By now you have probably noticed that I haven’t filled this post with specific skills and experience.  You can gain great insights about those from some of the jobs posted on the APRA site.  Successful filling of your position may lie more in the tone of your notice than the listing of skills and background required.  Think, “How can I differentiate my position from the dozens of others out there?”  Are you conveying the message that this position plays a vital role in your development endeavors?  Are you encouraging collaboration and professional development?  Can you accommodate the flexibility needs of today’s working professional?  These are the things that will draw talent to your organization and ensure successful achievement of your prospect research goals.

Have you recently added a researcher to your team? If so, share what worked for you and your organization.  Post your comments or email me at Laura.worcester@blackbaud.com.

*Laura Worcester is a consultant for Target Analytics. You may reach her at laura.worcester@blackbaud.com.


Laura Worcester, senior consultant at Target Analytics, joined Blackbaud in 2001.In her current role she advises nonprofits on utilizing screening results in identifying and evaluating best donor prospects. In 25+ years of fundraising experience, Laura has served as the chief advancement officer for numerous organizations and managed her own consulting business, providing grant writing services to arts, educational and health care organizations. She’s presented at development conferences and has been a regular contributor to Blackbaud’s blogs with selected posts being reprinted in journals such the NonProfit Times. A traveler since her study abroad days in Denmark, Laura’s committed to passing this enthusiasm on to her teenage daughters. Her family’s travel adventures were just featured in a neighborhood magazine in her suburban Milwaukee community. Contact Laura by email.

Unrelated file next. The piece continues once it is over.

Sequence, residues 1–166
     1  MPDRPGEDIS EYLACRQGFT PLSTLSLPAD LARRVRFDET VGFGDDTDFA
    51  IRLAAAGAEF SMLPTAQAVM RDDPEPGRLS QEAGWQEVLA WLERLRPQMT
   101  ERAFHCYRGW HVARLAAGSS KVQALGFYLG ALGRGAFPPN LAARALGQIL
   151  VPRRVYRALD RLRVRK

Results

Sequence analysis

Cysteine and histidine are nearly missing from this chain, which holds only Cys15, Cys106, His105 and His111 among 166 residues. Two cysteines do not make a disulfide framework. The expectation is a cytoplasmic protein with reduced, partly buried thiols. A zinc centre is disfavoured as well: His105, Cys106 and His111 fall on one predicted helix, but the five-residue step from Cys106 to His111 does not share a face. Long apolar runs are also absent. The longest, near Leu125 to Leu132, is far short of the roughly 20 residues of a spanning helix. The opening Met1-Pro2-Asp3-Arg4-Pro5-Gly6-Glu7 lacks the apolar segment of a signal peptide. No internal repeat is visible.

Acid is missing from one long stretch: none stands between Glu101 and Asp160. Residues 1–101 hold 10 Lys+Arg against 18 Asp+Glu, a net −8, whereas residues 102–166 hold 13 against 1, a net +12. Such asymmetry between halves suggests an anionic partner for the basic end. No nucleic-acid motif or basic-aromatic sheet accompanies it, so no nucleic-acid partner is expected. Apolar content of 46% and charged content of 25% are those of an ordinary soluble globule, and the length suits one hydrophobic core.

Comments (6)

  • Olivia_Australia says:

    Thanks Laura, I always love your posts! Really insightful.

    • Laura Worcester says:

      You are most welcome!  I hope this provides some thoughtful suggestions.  I have been thrilled with how many organizations here are hiring researchers–I think more and more places are seeing this as a vital development role.  Do most non profits in Australia have researchers on staff?

      • Olivia_Australia says:

        In the arts particularly prospect research is a slowly developing trend and most companies haven’t invested in hiring in-house researchers yet. But there’s no denying the value of it and that it is where we are headed. There is a lot of training around prospect research at the moment, which is exciting!

        Prospect research is bigger in our universities, as it is in the US, and also in major charities.

        • Laura Worcester says:

          Sounds very similar to here. Since I started in research in 1985 or so–when it meant heading to the historical society and pouring over microfiche and directories, both the job and the need has changed so much.  And, I see a lot of researchers requesting creative arrangements, such as free lancing, part time and working remotely, which is still very much an evolving trend here.  I do think as more organizations use screening tools and realize how helpful they can be, they also see the need for a dedicated researcher, so that can be making a difference, too!  Thanks, Olivia–have a great day!

  • Kaylen Williams says:

    Thank you Laura!  This will definitely help us as we move forward with our hire! 

    • Laura Worcester says:

      Great–I am hoping it is helpful.  I am thrilled you will be hiring somewhat–this will definitely help with the use of your screening results!